Princetown’s clerk, justice and court clerk have filed a human rights complaint against the town, claiming they were subject to discrimination because they are female.
Town Clerk Carol McClaine and Justice Michelle Van Woeart filed complaints with the state Division of Human Rights in March, claiming town officials unjustly discriminated against them based on their gender. Rebecca Selee, Van Woeart’s lone court clerk, followed suit last month by filing her own complaint, accusing the administration of Supervisor Mike Joyce of creating a hostile work environment for the town’s female employees.
McLaine declined to discuss her complaint in detail. She said, however, that it was a last resort when her situation at Town Hall became untenable.
“It’s not something I wanted to do against my town,” she said.
In Selee’s complaint, the court clerk claims the all-female town clerk and court offices are treated poorly by the Joyce Administration in comparison to others in Town Hall. Among her accusations, she said the town didn’t pay her for vacation time she was allotted by Van Woeart, falsely accused her of doctoring her time sheets and expected to cover the extra workload created when Van Woeart was removed from the second clerk’s position, despite not receiving any added compensation.
“Since Supervisor Joyce and his team have taken control, the environment in this town has become hostile,” she wrote in the complaint obtained by The Daily Gazette. “I fear this complaint will result in worse conditions and retaliation.”
In her complaint, McClaine accuses the all-male Town Board of cutting personnel in her department and her budget. She claims her office and the court were both subject to cuts in January, unlike other departments supervised by men.
McClaine also claims the board passed resolutions regarding the application of the state’s Freedom of Information Law that would “be in violation” of her duties as clerk. She claims Joyce referred her to the town’s Ethics Board last month in retaliation for filing a complaint.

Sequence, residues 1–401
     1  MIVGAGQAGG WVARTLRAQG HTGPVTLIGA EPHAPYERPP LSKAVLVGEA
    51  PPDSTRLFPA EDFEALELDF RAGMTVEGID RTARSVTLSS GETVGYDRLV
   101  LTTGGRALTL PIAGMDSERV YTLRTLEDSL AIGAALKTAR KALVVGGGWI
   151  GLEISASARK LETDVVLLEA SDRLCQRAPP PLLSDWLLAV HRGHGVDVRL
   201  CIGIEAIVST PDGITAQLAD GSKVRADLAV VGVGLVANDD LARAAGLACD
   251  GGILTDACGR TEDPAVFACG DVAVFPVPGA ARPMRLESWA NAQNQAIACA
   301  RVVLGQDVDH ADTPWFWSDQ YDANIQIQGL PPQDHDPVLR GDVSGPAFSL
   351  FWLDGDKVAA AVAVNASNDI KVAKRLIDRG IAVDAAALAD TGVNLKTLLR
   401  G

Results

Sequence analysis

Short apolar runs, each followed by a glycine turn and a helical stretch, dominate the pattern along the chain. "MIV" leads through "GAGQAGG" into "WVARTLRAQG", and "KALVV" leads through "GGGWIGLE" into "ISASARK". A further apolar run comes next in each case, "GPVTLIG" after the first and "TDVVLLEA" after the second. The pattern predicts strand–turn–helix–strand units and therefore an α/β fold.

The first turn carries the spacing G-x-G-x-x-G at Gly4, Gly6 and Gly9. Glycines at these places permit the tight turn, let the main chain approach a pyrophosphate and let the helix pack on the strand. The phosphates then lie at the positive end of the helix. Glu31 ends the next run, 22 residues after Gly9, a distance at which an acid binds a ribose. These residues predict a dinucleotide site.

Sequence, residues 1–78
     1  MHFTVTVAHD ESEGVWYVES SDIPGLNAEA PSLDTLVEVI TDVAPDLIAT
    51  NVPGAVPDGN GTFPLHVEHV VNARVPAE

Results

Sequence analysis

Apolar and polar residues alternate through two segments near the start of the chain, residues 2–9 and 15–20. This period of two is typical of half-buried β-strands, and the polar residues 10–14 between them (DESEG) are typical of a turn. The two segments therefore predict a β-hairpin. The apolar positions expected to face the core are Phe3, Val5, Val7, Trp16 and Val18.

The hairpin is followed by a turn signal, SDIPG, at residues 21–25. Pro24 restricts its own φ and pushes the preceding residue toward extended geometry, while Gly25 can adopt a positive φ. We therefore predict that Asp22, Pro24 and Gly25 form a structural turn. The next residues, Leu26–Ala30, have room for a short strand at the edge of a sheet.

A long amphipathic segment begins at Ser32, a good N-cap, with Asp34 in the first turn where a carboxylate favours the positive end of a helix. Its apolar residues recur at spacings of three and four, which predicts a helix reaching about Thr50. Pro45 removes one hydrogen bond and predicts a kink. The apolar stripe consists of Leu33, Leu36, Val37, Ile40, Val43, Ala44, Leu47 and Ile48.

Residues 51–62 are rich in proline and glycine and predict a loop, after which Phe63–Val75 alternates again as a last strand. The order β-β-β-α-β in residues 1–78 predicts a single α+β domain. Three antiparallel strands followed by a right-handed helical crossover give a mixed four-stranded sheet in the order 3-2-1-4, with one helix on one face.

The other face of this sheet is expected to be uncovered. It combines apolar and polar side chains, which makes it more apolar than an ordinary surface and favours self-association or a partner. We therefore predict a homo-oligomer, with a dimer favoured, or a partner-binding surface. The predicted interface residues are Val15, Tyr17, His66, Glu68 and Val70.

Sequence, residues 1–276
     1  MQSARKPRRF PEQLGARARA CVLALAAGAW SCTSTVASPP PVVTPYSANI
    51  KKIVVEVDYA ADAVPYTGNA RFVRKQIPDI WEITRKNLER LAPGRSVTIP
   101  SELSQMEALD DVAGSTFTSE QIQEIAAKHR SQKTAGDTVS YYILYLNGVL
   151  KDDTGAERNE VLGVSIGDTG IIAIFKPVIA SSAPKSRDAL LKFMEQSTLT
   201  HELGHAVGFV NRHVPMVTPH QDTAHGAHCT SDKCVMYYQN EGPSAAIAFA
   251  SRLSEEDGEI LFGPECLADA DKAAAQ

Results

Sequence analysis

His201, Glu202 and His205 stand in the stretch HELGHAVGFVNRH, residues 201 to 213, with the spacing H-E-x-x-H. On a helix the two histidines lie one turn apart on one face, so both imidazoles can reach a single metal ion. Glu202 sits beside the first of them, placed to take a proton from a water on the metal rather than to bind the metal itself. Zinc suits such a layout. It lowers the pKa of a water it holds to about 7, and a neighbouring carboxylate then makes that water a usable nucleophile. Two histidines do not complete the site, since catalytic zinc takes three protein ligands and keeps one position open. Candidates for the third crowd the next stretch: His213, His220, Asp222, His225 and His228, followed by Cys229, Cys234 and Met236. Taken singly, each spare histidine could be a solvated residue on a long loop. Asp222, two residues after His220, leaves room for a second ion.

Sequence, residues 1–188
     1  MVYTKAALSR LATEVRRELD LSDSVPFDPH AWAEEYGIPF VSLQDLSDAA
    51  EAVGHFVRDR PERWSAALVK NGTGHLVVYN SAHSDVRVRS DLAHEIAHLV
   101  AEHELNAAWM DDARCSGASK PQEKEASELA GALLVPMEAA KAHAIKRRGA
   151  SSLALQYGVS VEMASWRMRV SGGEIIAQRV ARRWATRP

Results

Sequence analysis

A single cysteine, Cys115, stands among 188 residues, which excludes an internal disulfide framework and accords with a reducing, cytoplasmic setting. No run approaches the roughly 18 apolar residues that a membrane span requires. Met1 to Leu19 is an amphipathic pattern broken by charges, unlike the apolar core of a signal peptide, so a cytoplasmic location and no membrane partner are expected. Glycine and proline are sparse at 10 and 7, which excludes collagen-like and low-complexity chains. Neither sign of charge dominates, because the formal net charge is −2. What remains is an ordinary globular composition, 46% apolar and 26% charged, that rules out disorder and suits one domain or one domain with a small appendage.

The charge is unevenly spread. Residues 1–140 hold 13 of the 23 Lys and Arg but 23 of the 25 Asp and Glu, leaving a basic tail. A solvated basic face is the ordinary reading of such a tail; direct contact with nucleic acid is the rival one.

Van Woeart’s complaint also claims she’s faced unlawful discrimination because of her sex. She also names Joyce in her complaint.
Joyce deferred comment to Michael Cuevas, the town’s attorney. Cuevas acknowledged the complaints, but declined to discuss them in detail.
“It’s an open matter,” he said. “Claims have been made against the town and I’ll be defending them to the best of our ability.”
The complaints are yet another volley in ongoing hostilities between the Joyce Administration and Van Woeart. There has also been significant friction between McClaine’s office and the supervisor’s office.
Earlier this month, Deputy Supervisor Norm Miller filed a lawsuit against Van Woeart, claiming she publicly slandered him during a video-recorded Town Board meeting by wrongly accusing him of killing a man. The legal action asks for $500,000 in damages from the town justice.
Last year, the board forced Van Woeart out of her court clerk’s position after the state Attorney General’s Office issued an opinion advising that the post was subordinate to the elected justice position, rendering the two jobs “incompatible.” She then filed an Article 78 lawsuit against the town, which was subsequently dismissed by a state Supreme Court justice; she has since appealed the ruling.
Van Woeart also filed an unemployment insurance claim for losing her clerk’s job. The town contested the claim, but an administrative law judge sided with Van Woeart earlier this year, a decision the town has since appealed.
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